I knew I had arrived at the World Cup when I heard the sound of a vuvuzela bounce off the walls of Johannesburg’s O.R. Tambo International Airport. The noise of the long plastic soccer horn wasn’t widely recognized outside South Africa until this year’s World Cup. But now every soccer fan knows a vuvuzela’s call is like a foghorn or a donkey braying, or—when blown in unison—like a nest of loud angry hornets. To many fans, the vuvuzela’s call is an aural safety hazard and an annoyance. But it sets off pure, unadulterated excitement in me, especially when I heard it moments after landing in South Africa.
My first World Cup match was going down at a newly constructed stadium in Durban, a beach town in South Africa that’s about half the size of Jo’burg on the Indian Ocean. South Korea and Nigeria were the two contenders in the match. And I had company: my boyfriend, Mansoor, and two good friends who had flown in from Paris. After meeting up at the airport, we all piled into a rented red Toyota Corolla sedan at the airport and headed to Durban.
There were few signs of football fever on the dusty six-hour drive. The horizon was flat and broken up by an occasional rust-colored butte and herds of curly-horned cattle. Here and there, we saw hitchhikers and laborers ambling along the side of the road, carrying packs, axes, and agricultural tools. We got the first sign that South Africa was hosting 32 of the world’s best soccer teams at a rest stop diner called Maxi’s. Our toasties and coffees were dropped off by a server wearing a yellow “World Cup” T-shirt emblazoned with South Africa’s green, red, yellow, blue, black, and white flag.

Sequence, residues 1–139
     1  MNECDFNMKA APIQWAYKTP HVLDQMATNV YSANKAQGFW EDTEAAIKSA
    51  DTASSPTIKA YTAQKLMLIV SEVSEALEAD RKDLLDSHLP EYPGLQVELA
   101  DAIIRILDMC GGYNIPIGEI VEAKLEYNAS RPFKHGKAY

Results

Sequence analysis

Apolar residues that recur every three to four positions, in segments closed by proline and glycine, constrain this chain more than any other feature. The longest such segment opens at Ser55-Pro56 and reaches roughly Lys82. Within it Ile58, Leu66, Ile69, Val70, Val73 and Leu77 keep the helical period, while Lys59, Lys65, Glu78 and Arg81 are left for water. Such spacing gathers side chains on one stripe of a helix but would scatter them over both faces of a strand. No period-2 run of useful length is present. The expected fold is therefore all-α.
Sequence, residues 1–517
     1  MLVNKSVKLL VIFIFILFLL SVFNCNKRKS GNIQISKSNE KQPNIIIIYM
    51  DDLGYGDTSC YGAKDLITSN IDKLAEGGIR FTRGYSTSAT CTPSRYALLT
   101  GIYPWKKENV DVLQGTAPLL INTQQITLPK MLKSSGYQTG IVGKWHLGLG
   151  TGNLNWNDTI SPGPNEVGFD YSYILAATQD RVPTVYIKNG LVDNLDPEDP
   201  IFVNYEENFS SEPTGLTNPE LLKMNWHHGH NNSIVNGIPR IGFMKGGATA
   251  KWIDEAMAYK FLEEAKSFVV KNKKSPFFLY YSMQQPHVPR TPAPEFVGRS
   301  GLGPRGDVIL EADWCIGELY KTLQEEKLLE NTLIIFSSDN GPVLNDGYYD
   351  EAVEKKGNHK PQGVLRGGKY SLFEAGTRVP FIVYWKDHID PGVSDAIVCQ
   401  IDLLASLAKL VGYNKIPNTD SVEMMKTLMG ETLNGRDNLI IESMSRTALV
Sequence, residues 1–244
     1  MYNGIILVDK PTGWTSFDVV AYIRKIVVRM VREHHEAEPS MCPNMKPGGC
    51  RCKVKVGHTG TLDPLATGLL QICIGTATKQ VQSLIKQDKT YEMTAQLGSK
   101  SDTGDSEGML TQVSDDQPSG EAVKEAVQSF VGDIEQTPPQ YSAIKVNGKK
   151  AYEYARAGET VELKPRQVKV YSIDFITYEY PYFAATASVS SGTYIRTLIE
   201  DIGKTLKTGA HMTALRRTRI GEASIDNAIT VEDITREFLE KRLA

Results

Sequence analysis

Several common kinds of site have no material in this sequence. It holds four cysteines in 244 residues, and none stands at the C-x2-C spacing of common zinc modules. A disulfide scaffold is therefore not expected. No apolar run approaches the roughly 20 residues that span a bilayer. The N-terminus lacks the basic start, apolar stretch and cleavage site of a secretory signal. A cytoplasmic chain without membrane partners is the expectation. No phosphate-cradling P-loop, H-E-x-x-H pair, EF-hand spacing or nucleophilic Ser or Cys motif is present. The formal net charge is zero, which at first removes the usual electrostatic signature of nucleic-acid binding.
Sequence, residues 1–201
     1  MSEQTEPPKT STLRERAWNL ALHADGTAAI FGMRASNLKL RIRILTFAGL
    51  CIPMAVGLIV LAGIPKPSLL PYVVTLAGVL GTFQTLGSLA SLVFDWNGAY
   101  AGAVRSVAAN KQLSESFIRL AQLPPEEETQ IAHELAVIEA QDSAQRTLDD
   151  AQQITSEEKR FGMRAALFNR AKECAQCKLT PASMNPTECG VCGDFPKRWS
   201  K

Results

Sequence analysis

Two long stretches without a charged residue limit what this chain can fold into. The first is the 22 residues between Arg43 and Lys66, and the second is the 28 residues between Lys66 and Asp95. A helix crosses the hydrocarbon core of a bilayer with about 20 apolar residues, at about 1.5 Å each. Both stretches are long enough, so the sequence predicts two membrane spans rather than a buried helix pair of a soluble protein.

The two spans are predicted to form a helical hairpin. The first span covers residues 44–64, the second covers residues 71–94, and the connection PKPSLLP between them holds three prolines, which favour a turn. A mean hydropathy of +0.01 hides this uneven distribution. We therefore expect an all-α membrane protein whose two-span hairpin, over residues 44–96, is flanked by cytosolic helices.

As we got closer to Durban, we picked up a World Cup match on the radio. It was Portugal dominating North Korea, 7-nil. Our ears popped as the Toyota wended its way through curvy passes and plumes of smoke coming from farmers burning fields to rejuvenate grazing pastures. Soon, the N3 highway became congested, and we heard Punjabi music playing on the radio. Indian laborers first came to Durban to harvest sugar cane in the late 1800s; the city is now home to South Africa’s largest concentration of people of South Asian descent. We entered Durban’s city limits, and soon clapped eyes on the ocean, tropical palm trees, and Durban’s Moses Mabhida football stadium.
The newly built stadium sits on Isaiah Ntshangase Road next to King’s Park Soccer Stadium. It was barely finished in time for Durban’s first World Cup match in mid-June. As we walked to the stadium for our South Korea-Nigeria march, it looked like a clamshell, cracked open and aglow with fluorescent light. Our seats had cost $80, and as such, were in the nosebleed section of the stadium. Still, we were positioned at center pitch and could see the field below.